As of late December, earnings growth for 2018 was expected at 20.3%, the highest since 2010 and the highest revenue growth (expected 8.9%) since 2011. Profit margins surged last year with the S&P average of 12% reached in the third quarter the highest since Factset began tracking the data in 2008.
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But the stock market is forward looking and investors don’t like what they see in 4Q and beyond.
Trade wars, dollar headwinds, and a host of other geopolitical risks conspired together to send the market into bear territory in December.
Will last year’s selloff end up being a buying opportunity or just a warning to get out before the real pain?
Bulls Stampede As The Bear Growls
Investors seem to have finally scaled the Wall of Worry everyone talks about and what they saw caused a panic. Despite a brief bounce, the S&P 500 is still down 17% from its September high.
According to Factset Research, estimated earnings growth for S&P 500 companies in the fourth quarter is 12.4%, which would mark the fifth consecutive quarter of double-digit earnings growth. But that’s where the good news comes to a grinding halt.
Analysts have become increasingly bearish on the outlook with all 11 sectors seeing earnings downgrades since Sept. 30 when 4Q growth was expected to top 16.6% on a year-over-year basis.
The outlook for 2019 isn’t so rosy either with analysts expecting earnings growth of just 7.9%, down nearly a quarter from estimates for growth of 10.4% at the end of September.
Despite the weakness in expectations for year-over-year growth, earnings are still expected to rise this year, and the underlying economic picture should support higher prices. GDP growth in the United States is expected to top 2.3% and unemployment remains at multi-decade lows.
Off this base-case scenario for growth, the greenback could weaken and provide a further tailwind for stocks. Dual deficits and the potential for the Fed to hold off on interest rate hikes could see the dollar fall from its position of strength last year.
A de-escalation of the trade war with China would also be a significant boost to sentiment. President Trump and Xi have until March to find a face-saving arrangement and neither wants the kind of market chaos that could come from a failure in negotiations.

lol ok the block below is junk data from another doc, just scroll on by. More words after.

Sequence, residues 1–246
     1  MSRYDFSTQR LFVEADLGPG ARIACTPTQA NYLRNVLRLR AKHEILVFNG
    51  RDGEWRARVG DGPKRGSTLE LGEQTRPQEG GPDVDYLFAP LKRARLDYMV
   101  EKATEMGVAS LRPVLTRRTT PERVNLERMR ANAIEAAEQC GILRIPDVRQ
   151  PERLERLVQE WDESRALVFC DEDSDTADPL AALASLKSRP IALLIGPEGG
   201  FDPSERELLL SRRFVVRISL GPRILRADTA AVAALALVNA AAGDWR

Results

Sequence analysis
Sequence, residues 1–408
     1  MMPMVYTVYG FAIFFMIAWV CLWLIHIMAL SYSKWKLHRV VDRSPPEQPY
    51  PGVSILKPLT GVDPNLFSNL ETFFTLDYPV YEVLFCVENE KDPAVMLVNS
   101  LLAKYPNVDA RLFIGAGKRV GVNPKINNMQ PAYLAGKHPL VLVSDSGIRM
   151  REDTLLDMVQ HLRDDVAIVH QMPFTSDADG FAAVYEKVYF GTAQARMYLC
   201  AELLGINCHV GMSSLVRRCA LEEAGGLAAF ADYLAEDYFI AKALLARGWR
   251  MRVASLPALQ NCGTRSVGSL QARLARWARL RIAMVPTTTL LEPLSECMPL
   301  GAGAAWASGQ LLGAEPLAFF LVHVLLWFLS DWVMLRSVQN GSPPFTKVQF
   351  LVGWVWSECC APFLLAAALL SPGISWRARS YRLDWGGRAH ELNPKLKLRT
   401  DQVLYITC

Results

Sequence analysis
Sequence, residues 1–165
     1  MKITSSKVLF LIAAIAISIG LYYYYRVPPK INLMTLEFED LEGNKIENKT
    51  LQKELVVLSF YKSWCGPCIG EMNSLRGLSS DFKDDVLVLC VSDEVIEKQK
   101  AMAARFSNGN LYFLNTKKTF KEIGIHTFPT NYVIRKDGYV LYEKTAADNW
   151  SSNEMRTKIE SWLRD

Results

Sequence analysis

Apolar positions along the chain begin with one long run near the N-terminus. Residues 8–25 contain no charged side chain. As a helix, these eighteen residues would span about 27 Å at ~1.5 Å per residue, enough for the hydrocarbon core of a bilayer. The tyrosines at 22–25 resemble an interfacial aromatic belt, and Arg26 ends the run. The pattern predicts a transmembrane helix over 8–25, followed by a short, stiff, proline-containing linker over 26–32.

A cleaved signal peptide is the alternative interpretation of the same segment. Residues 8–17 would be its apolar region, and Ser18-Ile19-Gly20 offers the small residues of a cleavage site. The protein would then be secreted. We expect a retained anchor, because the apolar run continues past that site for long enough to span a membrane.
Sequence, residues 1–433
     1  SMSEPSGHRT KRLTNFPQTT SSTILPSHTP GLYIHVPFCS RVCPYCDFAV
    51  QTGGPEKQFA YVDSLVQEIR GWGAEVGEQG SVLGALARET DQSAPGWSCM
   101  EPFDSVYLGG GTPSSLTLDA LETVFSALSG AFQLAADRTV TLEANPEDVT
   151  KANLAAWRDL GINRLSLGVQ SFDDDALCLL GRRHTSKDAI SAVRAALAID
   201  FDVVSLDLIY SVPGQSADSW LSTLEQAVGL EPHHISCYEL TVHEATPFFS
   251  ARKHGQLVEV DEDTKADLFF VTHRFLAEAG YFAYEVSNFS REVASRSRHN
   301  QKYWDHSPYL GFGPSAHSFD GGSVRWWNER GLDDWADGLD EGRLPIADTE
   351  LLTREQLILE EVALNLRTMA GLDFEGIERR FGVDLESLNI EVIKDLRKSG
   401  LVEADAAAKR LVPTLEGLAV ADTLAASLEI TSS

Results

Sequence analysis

Sectors That Could See A 4Q Earnings Boost And Beyond
It’s quite a bit easier to find value in the market than it was just a few months ago, but three sectors in particular strike me as especially good deals.
Every sector has seen earnings estimates reduced but some have really seen sentiment turn negative. Many of the names in these sectors are trading in value territory and the best-of-breeds could provide relative safety if we do see a recession.
Companies in the materials sector have seen the third largest decrease in expected 4Q earnings growth among analysts with 79% of companies having their earnings estimates cut since September. The sector is now expected to report just 9.1% earnings growth from 4Q 2017 versus expectations for growth of 17.7% previously.
The sector has been one of the hardest hit with the Materials Select Sector SPDR (NYSE: XLB) falling 12.8% over the last quarter. The group now trades for 13.3 times estimated 2019 earnings, a discount of 13% on the 10-year average multiple of 15.3 times and a 17% discount on the five-year average multiple.
Olin Corporation (NYSE: OLN) is a leader in chlorine derivatives and epoxies and No. 1 in many of its markets. However, Olin also has the Winchester firearms division which makes little strategic sense.